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There are no general tuition fees in Finnish higher education but Finnish higher education institutions could pilot tuition fees from 2010 to 2014. During this period, universities and universities of applied science could charge fees to students from outside the EU/EEA area who were admitted to a Master’s degree programme given in English. Higher education institutions could independently determine the amount of the fee they charged, and they were obliged to put a grant scheme in place.
The Ministry of Education and Culture assigned a committee to monitor and evaluate the trial. The committee published its final report in April 2014. According to the report, only 43 fee-based study programmes participated in the trial, with 355 students from outside EU/EEA area. They came from 53 different countries, Russia being the most common country of origin. The most commonly charged tuition fee was EUR 8 000 per year. Most of the students received a grant through a grant scheme run by the hosting institution.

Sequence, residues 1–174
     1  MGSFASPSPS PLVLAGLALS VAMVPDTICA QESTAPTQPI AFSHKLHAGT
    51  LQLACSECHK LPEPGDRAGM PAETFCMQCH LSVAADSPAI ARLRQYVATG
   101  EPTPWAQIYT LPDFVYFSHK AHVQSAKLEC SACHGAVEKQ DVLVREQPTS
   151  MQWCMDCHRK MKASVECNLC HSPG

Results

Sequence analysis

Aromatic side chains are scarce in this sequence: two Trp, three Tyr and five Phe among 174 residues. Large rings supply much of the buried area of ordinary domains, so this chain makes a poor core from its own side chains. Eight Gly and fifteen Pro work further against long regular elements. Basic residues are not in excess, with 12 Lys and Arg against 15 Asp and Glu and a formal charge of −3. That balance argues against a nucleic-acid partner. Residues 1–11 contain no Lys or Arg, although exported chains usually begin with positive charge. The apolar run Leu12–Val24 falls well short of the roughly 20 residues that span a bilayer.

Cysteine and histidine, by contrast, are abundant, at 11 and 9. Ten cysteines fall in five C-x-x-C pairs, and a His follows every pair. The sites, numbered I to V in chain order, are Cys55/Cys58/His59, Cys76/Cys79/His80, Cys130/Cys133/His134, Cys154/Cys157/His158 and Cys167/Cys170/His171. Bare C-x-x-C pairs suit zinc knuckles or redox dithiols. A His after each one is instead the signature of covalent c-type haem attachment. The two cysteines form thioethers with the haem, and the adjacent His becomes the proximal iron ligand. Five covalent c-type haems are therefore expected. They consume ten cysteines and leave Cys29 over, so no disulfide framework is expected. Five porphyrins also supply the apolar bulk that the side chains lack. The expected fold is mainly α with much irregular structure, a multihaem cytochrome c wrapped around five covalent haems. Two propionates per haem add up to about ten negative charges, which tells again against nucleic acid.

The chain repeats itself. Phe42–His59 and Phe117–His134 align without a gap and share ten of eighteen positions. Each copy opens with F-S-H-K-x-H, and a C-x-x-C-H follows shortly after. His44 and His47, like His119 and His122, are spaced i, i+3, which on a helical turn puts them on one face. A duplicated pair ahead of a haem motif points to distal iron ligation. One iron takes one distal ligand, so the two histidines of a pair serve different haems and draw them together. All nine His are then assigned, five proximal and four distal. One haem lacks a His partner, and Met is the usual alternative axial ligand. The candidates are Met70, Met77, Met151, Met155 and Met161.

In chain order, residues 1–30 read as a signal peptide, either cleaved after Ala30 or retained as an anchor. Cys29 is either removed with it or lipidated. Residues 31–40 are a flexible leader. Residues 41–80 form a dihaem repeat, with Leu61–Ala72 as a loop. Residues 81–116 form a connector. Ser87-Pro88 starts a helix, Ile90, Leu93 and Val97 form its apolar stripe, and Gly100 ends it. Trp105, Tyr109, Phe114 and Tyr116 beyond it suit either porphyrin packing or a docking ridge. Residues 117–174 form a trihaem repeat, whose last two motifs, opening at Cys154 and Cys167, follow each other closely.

The conclusions of the evaluation show that the tuition fee trial did not meet the expectations, mainly because of the low number of participating HEIs and study programmes. Higher education institutions were not committed to participate in an uncertain trial with a limited time frame, thus questioning also the trial concept as such. The low level of participation meant that the trial had no financial significance to the universities. However, the participating institutions reported that the trial made it possible to test various new approaches and was a useful part in developing the internationalisation process at higher education institutions in general.
What decisions will be made regarding the tuition fee policy in Finland, remains yet to be seen. For tuition fees to continue after the trial period a governmental decision and a change in legislation will be required; and no such decisions or changes have yet been made. The matter is expected to be on the agenda in connection with the discussions for the next government’s programme after parliament elections in early 2015.
The total number of international degree students in Finnish higher education has been growing rapidly and is approaching 20 000 (6.2% of the total student population; 2/3 from outside Europe, Russia and China being the 2 top sending countries).